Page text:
The Sacramento Bee » Gov. Jerry Brown has signed legislation that would tighten dam inspection standards following last year’s near catastrophe at Oroville Dam. On Monday, Brown signed Assembly Bill 1270. The bill codifies practices that state dam officials already were largely doing, but that the state’s Water Code only required they perform “from time to time.”
The Mercury News » The state Department of Water Resources is still expecting the federal government to pay the bulk of the cost of repairing the Lake Oroville spillways. The estimated cost is up to $870 million, and north state congressmen had indicated the Federal Emergency Management Agency had some doubts whether it could reimburse costs for a redesigned structure.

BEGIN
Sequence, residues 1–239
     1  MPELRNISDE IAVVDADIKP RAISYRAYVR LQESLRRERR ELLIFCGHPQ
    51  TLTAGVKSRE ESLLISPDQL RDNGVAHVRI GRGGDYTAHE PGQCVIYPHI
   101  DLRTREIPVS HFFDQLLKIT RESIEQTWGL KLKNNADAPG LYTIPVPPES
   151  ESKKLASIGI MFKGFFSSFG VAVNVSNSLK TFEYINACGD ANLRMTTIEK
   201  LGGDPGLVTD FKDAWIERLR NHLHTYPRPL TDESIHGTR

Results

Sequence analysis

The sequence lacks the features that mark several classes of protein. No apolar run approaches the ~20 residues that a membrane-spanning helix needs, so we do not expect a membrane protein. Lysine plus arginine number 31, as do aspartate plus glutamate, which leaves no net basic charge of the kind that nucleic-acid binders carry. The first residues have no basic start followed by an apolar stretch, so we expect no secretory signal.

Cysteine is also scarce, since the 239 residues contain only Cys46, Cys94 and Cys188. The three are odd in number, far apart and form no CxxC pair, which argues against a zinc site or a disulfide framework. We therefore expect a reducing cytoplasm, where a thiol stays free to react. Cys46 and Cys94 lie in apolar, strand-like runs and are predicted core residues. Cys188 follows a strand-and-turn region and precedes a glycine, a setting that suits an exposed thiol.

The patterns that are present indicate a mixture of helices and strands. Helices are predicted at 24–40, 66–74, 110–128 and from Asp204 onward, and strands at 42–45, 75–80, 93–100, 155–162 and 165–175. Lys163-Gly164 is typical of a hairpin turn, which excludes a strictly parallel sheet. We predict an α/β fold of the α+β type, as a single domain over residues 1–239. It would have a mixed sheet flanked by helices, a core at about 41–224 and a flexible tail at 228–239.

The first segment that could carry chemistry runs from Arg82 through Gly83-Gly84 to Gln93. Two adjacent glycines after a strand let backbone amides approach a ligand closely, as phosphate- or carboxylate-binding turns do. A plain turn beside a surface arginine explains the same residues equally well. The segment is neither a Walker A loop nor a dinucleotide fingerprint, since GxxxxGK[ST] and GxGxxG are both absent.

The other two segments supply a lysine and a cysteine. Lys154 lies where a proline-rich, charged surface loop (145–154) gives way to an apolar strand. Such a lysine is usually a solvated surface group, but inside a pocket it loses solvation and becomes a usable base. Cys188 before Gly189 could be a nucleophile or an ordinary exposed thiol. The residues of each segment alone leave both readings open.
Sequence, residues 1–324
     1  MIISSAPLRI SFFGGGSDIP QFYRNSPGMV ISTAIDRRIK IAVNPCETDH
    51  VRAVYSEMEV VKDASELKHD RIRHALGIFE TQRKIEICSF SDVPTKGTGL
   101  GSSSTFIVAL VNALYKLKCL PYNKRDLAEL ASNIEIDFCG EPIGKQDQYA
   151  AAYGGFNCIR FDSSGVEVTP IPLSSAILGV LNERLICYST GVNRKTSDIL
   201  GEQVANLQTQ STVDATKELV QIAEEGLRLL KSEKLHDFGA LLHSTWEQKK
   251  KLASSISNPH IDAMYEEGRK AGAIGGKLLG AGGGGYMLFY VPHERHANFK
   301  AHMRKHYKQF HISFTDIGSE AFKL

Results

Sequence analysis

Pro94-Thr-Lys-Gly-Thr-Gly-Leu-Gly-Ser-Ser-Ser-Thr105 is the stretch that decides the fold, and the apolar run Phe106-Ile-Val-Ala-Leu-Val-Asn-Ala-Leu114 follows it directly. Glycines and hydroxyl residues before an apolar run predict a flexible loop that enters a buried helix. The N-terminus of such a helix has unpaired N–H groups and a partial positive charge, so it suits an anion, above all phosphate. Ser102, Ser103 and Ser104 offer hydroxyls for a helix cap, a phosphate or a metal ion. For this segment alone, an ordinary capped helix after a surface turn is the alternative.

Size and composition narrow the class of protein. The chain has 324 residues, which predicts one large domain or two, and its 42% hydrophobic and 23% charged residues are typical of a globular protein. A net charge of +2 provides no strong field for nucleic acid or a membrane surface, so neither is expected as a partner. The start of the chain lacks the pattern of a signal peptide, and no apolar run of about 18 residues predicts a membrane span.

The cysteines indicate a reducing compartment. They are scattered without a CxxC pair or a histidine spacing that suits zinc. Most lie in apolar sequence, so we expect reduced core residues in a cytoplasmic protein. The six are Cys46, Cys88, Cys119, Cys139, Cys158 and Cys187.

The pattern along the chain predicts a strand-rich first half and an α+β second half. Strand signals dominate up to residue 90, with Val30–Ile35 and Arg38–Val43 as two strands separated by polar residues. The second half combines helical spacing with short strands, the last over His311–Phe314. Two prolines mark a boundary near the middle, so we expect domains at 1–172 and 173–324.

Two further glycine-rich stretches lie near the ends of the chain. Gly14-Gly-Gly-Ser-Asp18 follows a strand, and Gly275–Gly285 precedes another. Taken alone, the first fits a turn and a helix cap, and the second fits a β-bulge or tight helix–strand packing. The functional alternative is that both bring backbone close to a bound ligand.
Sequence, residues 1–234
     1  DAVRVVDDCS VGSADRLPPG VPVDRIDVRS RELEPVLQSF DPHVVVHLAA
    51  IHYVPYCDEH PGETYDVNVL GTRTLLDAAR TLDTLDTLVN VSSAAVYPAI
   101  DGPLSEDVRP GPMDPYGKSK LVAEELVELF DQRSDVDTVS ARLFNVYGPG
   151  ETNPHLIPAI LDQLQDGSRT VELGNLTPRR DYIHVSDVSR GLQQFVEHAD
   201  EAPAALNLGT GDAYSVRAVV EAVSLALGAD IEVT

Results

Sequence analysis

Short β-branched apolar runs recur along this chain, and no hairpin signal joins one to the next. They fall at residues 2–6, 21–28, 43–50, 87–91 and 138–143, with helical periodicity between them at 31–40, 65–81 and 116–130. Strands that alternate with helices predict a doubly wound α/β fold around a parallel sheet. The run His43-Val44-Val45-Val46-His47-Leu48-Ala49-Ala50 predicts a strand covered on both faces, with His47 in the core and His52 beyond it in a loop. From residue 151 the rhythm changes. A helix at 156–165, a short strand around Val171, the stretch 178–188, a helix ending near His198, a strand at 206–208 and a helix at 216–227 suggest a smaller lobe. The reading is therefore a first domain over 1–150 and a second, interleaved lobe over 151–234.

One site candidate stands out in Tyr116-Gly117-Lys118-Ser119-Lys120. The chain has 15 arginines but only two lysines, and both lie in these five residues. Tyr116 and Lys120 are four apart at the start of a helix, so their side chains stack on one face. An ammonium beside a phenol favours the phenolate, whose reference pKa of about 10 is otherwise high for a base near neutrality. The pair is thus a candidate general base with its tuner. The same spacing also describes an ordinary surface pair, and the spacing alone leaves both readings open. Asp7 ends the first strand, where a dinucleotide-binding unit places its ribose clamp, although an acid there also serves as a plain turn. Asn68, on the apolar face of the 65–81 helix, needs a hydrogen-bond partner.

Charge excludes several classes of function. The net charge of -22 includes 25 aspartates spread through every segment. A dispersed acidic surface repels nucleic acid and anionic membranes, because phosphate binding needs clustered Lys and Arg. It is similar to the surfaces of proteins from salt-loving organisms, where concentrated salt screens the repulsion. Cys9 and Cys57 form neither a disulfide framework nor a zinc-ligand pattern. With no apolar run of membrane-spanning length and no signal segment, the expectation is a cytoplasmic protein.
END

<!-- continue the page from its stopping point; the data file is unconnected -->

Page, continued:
Action News Now » The Department of Water Resources is expecting to resume work on the main Oroville Dam Spillway chute in the beginning of May as long as the weather allows. In terms of the dollar amount, that number remains at $870 million, and the DWR is operating as if FEMA will reimburse about 75% of that cost. Most of the work this year has been focused on the emergency spillway.
The Sacramento Bee » A gaping hole was discovered in the Oroville Dam main spillway on Feb. 7, 2017, marking the start of a crisis that eventually led to the evacuation of 188,000 downstream residents. A little over a year later, work continues between the emergency spillway weir and cut-off wall, prepping the ground for the splashpad.